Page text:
by Jennet Jourdemayne

Immediately following the coronation, there was one more piece of symbolic business that needed attending to.

King Elessar entered the Court of Kings with its throne, the seat of Gondor. Following

him came the most important nobles of the Court: Faramir, Steward of Gondor, Prince Imrahil of Dol Amroth, Lord Hurin, Warden of the Keys, and other dignitaries: Gandalf, King Eomer and his sister, the Lady Eowyn, Legolas, Gimli, and finally, the Hobbits.

The door was left open, and as many of the other celebrants as could manage crowded into the Great Hall to witness this historic moment. Those who could not enter watched and waited outside.

The King approached the dais, accompanied by Lord Faramir. The Steward stopped to the right of the throne, in front of the Steward’s Seat. King Elessar continued forward and mounted the steps that led to the platform upon which rested the Throne of the King of Gondor, standing empty for almost a thousand years. At the top he turned, faced the gathered crowd, then with no more ceremony, sat upon the throne.

Inside the Court, a cheer went up, echoed by a great clamor from the throng outside.

Gondor had its king again.

It seemed a silly bit of symbolism to Aragorn, but he understood the importance of symbols. It was no hardship for him to follow these arcane customs, and it further cemented his position as Gondor’s ruler, so he went along with it. And, he had to confess, sitting on the throne and looking down at the gathering, it was a kind of reaffirmation that he had really succeeded–he had done what he’d set out to do.

Now the real work began, and after inviting the gathered dignitaries to the Hall of Feasts for a celebratory banquet, and dismissing the crowd, Aragorn descended the platform. Faramir had stepped down from the dais and was talking with Eomer and Eowyn.

“My Lord Faramir,” Aragorn called.

Faramir turned to him. “My Liege,” he bowed his head.

“A word, if I may.”

“Of course, sire.” He glanced back at Eowyn and nodded to her with a smile before moving to him. Aragorn had seen them standing together earlier and wondered if that had been coincidence. Now, given the looks the two had just exchanged, it appeared to be anything but. Eowyn’s recovery after her ordeal had seemed remarkable, and Aragorn now wondered how much of that recovery was thanks to Faramir.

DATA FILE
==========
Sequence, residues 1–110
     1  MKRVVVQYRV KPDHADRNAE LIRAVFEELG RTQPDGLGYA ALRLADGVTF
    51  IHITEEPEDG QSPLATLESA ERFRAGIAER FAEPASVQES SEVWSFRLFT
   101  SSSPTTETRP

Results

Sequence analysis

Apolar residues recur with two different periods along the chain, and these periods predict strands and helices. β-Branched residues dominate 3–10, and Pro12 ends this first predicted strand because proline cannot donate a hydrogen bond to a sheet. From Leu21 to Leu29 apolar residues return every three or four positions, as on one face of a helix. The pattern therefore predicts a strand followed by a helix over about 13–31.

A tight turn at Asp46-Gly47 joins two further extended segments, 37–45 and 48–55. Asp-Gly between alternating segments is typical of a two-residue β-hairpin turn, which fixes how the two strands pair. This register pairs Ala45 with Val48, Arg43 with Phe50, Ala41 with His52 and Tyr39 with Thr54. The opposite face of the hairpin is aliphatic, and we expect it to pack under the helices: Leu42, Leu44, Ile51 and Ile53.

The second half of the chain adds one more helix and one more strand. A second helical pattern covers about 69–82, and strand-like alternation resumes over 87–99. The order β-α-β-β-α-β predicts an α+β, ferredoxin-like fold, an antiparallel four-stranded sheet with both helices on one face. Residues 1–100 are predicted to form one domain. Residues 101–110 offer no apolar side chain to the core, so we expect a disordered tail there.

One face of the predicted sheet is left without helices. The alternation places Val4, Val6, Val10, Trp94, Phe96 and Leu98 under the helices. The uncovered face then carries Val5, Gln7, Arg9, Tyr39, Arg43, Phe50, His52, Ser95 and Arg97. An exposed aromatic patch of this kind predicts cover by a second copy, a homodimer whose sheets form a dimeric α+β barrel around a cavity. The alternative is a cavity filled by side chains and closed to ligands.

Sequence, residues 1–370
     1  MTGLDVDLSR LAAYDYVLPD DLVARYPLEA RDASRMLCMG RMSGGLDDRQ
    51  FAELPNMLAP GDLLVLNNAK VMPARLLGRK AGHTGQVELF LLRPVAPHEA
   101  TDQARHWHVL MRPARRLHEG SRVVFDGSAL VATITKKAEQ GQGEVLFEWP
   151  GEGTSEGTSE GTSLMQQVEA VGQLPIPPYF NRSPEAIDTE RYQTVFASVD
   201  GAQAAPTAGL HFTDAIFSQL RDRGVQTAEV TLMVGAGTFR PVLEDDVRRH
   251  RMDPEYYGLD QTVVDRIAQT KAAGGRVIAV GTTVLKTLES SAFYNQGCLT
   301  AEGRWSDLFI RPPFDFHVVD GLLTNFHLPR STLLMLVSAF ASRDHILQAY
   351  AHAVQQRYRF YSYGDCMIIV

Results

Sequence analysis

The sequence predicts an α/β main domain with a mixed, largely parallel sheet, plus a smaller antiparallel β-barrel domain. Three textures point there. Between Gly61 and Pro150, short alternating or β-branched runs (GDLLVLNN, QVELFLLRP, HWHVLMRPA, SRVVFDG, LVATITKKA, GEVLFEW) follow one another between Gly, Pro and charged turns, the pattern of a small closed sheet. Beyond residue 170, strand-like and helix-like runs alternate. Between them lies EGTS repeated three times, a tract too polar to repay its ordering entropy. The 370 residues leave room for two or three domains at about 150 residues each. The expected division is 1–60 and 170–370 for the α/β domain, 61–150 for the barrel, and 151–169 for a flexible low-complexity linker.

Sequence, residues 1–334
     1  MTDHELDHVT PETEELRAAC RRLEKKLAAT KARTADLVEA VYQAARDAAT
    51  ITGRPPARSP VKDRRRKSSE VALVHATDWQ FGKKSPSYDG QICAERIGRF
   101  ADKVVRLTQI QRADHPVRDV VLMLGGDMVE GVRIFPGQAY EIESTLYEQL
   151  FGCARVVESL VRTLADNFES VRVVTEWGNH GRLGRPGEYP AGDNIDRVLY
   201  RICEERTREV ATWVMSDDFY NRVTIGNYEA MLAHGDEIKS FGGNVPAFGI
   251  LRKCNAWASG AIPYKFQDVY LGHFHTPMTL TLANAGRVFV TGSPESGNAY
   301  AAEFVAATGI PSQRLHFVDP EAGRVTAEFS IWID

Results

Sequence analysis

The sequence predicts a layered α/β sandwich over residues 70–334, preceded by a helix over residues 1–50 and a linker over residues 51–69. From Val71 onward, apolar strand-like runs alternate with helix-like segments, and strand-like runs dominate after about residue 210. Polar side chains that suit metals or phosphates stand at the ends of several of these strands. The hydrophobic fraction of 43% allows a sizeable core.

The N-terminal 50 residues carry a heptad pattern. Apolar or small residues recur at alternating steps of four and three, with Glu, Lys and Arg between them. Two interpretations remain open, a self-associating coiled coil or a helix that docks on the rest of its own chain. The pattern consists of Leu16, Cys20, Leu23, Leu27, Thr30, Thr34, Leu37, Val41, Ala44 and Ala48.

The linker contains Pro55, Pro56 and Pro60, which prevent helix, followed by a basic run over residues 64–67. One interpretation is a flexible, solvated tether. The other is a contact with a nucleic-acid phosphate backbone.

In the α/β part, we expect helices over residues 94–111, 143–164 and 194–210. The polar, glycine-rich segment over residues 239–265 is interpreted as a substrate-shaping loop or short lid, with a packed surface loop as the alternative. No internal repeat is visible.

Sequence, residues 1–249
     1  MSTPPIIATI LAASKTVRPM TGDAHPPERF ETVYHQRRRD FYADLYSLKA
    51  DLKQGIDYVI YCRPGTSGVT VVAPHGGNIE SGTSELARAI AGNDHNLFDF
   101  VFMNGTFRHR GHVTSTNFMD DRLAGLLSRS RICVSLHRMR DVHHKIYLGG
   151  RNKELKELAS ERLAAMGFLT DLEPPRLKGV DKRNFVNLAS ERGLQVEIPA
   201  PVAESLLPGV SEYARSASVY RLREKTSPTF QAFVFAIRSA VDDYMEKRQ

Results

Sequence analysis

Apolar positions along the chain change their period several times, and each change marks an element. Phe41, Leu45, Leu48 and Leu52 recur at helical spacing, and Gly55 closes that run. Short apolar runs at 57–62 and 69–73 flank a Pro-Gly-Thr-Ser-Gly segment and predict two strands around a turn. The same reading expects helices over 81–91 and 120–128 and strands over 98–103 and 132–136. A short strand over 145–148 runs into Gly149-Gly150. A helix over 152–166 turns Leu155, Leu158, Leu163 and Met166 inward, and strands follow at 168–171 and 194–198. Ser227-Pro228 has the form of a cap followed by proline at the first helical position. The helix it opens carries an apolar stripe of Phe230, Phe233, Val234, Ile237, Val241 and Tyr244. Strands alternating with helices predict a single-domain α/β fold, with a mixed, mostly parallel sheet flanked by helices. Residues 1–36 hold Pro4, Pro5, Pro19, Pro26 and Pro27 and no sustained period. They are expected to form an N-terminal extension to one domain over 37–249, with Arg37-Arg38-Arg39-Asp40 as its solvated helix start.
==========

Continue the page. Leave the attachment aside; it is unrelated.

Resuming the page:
But that was a question for another time. Right now there were more pressing concerns.

Aragorn stepped off the dais and met his steward, a man he had actually spoken to only once before. “I am sorry we did not have the chance to talk before the ceremony,” he began, “or I would have told you my mind. I hope I have not put you in an unpleasant position.”

Faramir gazed at him, wary and assessing. “Unpleasant, no,” he said, seeming to carefully gauge his words. “Surprising, yes. It is an honor I looked not for.”

“An honor?” Aragorn asked quietly. “Or a burden?”

Faramir allowed himself the ghost of a smile. “A little of both, I should think. To be Steward of Gondor was nothing I ever dreamed of for myself. To serve the King, however, that is a dream long held by all of Gondor. If I can best serve my King as Steward, then I am content.”

Aragorn had to laugh to himself. He’d never wanted to be king, and yet he took up the responsibility because it was necessary. Faramir had never wanted to be Steward, and yet he would willingly serve because he was serving his king. The irony of it was thick.

“What was your dream, then?” he asked. “For yourself, I mean.”

Faramir smiled and looked away, a wistful expression on his face. “Beyond simply surviving the war?” His smile faded and he looked back at his king. “I had desired, once the King was come, to remove to Ithilien and see it restored to its former beauty. To wash away the horror and the stench of evil. To nurture the land and watch it grow. To see it peopled again. To see it thrive.”

He spoke with such passion that Aragorn could see, in his mind’s eye, the fair land of Ithilien under Faramir’s stewardship, growing and thriving, becoming the garden it had been in ages past. “That is an admirable dream,” he replied. “Perhaps we will find a way for you to do just that.”

Faramir frowned at him, confused. In truth, Aragorn wasn’t quite sure what was on his mind, either. But Faramir’s dream had stirred something in him, something he knew he wanted to pursue.

He smiled at his steward. “But in the meantime, I hope I may trouble you for some information.”

“If I can, my Liege.” Faramir bowed his head.

Aragorn’s smile tightened. He hoped Faramir wouldn’t always be so formal with him but let it pass because they were still mostly strangers to each other. “Let’s start with the basics. Do...does the king have a private space here?”

Faramir looked a little surprised at that. “The King’s Residence is–“

”I know of the King’s Residence. I meant here in the Court. A study, or...?”

“Oh! Yes. Actually, there are two. The first is back there.” He pointed behind the dais to the side. “It had been serving as the Steward’s office, but I had it made ready for you. If there’s anything you need, you only have to ask.”

“And the other?”

Faramir swallowed. “High in the White Tower is a room. I have never been there; all but the Steward were forbidden to enter, and I have not ventured there since. It is where he kept the Palantir.”

‘I know of that room,” Aragorn nodded. “As the King is in possession of the Palantir of Orthanc, I imagine I shall use that place for the same thing.” Though with hopefully better results, he thought, but did not say.

“And as for the King’s Residence,” he prompted.

“It is the private space for the Royal Family.” Faramir explained. Aragorn didn’t think now was the time to tell him that he’d been to the Steward’s apartments in the King’s Residence often. Faramir was continuing. “The actual apartments of the King have, as I’m sure you can imagine, fallen into somewhat poor repair over the centuries. The Stewards have had apartments in the front of the residence, and those have been occupied all along. We have made a start at restoring the King’s apartments, but unfortunately, they’re not yet habitable. So for the time being, you will stay in the Steward’s apartments and–“